Long-term β-blocker therapy improves autonomic nervous regulation in advanced congestive heart failure: A longitudinal heart rate variability study

J. L. Lin, H. L. Chan, C. C. Du, I. N. Lin, C. W. Lai, K. T. Lin, P. Wu, Y. Z. Tseng, W. P. Lien

Research output: Contribution to journalArticle

67 Citations (Scopus)

Abstract

Background: β-Blocker therapy is believed to modulate the detrimental effect of overcompensating neurohormonal activation in chronic heart failure. However, clinical doubts remain, particularly the physiologic sympathovagal balance. Methods: To respond to clinical concern about worsening autonomic nervous perturbation in β-blocker therapy of advanced congestive heart failure, 15 consecutive patients were longitudinally studied to elucidate the evolution of cardiac function versus 24-hour heart rate variability (HRV) before and after 1, 3, and 6 to 9 months of atenolol-combined therapy. Results: Two patients died prematurely within 1 month. All 13 surviving patients showed improvement in New York Heart Association functional class, with decrease in left ventricular end-systolic and end-diastolic dimensions and increase in fraction shortening and ejection fraction by echocardiography after at least 3 months of atenolol use. The retarded therapeutic effect was accompanied by a general rise of total, very low, low-, and high-frequency components (9.0 ± 0.5, 8.8 ± 0.5, 6.2 ± 0.6, and 6.1 ± 0.5 vs 10.9 ± 0.3, 10.7 ± 0.4, 8.6 ± 0.3, and 7.8 ± 0.3; all P < .02) of daily HRV. This implied recovery of parasympathetic and baroreceptor function. Return of sympathovagal interaction was further supported by the suppression of Cheyne- Stokes type HRV as detected by Wigner-Ville distribution. Conclusions: Long- term β-blocker therapy for advanced congestive heart failure upwardly regulates the autonomic nervous interaction in synchrony with the evolution of cardiac function performance.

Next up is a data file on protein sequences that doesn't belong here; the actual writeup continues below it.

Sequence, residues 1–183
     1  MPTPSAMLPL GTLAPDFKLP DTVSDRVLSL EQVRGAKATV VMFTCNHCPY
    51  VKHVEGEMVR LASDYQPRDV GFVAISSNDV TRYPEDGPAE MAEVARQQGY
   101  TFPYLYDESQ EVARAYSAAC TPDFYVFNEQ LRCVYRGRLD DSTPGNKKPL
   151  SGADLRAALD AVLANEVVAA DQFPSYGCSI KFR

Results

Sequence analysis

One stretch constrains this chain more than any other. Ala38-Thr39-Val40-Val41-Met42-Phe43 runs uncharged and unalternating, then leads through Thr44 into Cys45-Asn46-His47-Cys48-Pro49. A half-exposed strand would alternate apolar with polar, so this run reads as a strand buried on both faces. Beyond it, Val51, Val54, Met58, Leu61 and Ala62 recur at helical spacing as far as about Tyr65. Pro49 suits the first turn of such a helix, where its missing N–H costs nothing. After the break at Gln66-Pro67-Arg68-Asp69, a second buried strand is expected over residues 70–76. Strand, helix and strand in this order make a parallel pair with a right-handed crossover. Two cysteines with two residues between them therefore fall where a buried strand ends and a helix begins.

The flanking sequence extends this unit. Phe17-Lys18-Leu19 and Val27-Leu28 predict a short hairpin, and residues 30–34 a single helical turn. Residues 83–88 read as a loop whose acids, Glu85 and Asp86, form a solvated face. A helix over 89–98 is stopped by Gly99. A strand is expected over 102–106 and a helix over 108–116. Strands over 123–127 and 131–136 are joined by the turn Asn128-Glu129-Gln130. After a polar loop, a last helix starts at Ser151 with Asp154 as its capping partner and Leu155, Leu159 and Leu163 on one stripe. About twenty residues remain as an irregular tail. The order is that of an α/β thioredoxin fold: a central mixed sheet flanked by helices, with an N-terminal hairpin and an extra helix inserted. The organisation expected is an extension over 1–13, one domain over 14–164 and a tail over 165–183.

Original languageEnglish
Pages (from-to)658-665
Number of pages8
JournalAmerican Heart Journal
Volume137
Issue number4 I
DOIs
Publication statusPublished - Jan 1 1999
Externally publishedYes

ASJC Scopus subject areas

  • Cardiology and Cardiovascular Medicine

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